Heavy chain diseases

Heavy chain diseases
ICD-O-2 Morphology
Effective 1992 - 2000
ICD-O-3 Morphology
Effective 2001 and later
for cases diagnosed 1992 and later
Primary Site(s)
See Abstractor Notes

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6 - B-cell
Module Rule
Alternate Names
Alpha heavy chain disease
Franklin disease
Gamma HCD
Gamma heavy chain disease
Immunoproliferative small intestinal disease
Mu heavy chain disease
Heavy chain diseases (HCD) include three rare B-cell neoplasms that produce monoclonal heavy chains and typically no light chains. The monoclonal immunoglobulin component is composed of either IgG (Gamma HCD), IgA (Alpha HCD), or IgM (Mu HCD).
These lymphoplasmacytic proliferative disorders are characterized by the uncontrolled production of abnormal (incomplete) immunoglobulin heavy chains that cannot combine with light chains to form complete Ig molecules. Specific subtypes may be identified by serum protein electrophoresis, but immunoelectrophoresis or immunofixation may also be needed to detect the variably-sized heavy chains
Abstractor Notes
Heavy chain diseases are rare.

There are three classifications of heavy chain disease: Gamma heavy chain disease, Mu heavy chain disease, and Alpha heavy chain disease. All of these specific heavy chain diseases are coded to 9762/3. (Note that heavy chain deposition disease is not the same as HCD; the deposition term is non-reportable and would be coded 9769/1 if collected.)

Gamma heavy chain disease (Gamma HCD) is a variant of lymphoplasmacytic lymphoma (9671/3) but is a distinct and separate disease. It may involve the lymph nodes, Waldeyer ring, gastrointestinal tract, and other extranodal sites, plus the bone marrow, liver, spleen, and peripheral blood. Most patients have systemic symptoms and generalized disease, including lymphadenopathy and hepatosplenomegaly. Prognosis is extremely variable. Low-grade disease may respond to chemotherapy.

Mu heavy chain disease resembles CLL (9823/3) because of its small, round lymphocytes but it is a distinctly different entity. This is the rarest HCD. It involves spleen, liver, bone marrow, and peripheral blood. Peripheral lymphadenopathy is usually not present. Hepatosplenomegaly is frequent. The disease usually progresses slowly.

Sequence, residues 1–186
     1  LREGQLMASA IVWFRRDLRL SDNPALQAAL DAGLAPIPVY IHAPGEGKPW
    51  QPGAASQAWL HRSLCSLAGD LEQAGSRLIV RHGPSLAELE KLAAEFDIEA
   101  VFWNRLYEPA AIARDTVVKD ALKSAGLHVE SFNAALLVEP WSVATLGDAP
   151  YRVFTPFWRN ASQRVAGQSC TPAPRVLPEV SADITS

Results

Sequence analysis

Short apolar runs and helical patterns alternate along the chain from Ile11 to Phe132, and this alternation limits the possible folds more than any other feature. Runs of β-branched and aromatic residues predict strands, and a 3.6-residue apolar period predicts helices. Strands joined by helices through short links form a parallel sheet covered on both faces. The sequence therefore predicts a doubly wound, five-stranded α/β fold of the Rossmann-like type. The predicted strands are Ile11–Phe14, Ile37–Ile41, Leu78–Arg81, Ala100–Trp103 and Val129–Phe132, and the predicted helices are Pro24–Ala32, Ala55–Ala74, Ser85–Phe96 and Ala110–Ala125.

The most common HCD, alpha heavy chain disease, is a variant of extranodal marginal zone lymphoma of MALT (9699/3) but it is classified with the other HCD’s. It mainly occurs in young adults and involves the gastrointestinal tract, mainly the small intestine and mesenteric lymph nodes. Gastric and colonic mucosa may be involved. The bone marrow and other organs are usually not involved. Rare respiratory tract involvement is described. Antibiotic therapy (coded as chemotherapy) is very effective on Alpha heavy chain disease. A newer term for alpha HCD is immunoproliferative small intestinal disease (IPSID); these terms had separate codes before 2010.

Of the three different heavy chain diseases, alpha heavy chain disease is the only classification that may transform to diffuse large B-cell lymphoma (9680/3).
Definitive Diagnostic Methods
Bone marrow
Genetic testing
Genetics Data
Deletions in Alpha, Gamma, or Mu heavy chain gene
Incomplete immunoglobulin molecule
Possible insertions of DNA of unknown origin
Alpha heavy chain disease:
CD5 and CD10 negative
CD20+ CD5-, CD10- on marginal zone cells
CD20-, DC138+ on plasma cells
CD79a and CD20 on lymphocytic component
Express B-cell antigens
Gamma heavy chain disease:
Monoclonal cytoplasmic alpha chain without light chain on plasma cells and marginal zone cells
Monoclonal cytoplasmic gamma chain without light chains
Monoclonal cytoplasmic Mu heavy chain, with or without monotypic light chain
Mu heavy chain disease:
Other treatments
Transformations from
Corresponding ICD-9 Codes
203.8 Other immunoproliferative neoplasms
273.2 Other paraproteinemias
Corresponding ICD-10 Codes
C88.2 Gamma heavy chain disease
C88.3 Immunoproliferative small intestinal disease
C88.1 Alpha heavy chain disease
Corresponding ICD-10-CM Codes (effective October 1, 2015 U.S. only)
C88.2 Heavy chain disease
C88.3 Immunoproliferative small intestinal disease
Signs and Symptoms
Diagnostic Exams
Recurrence and Metastases
Epidemiology and Mortality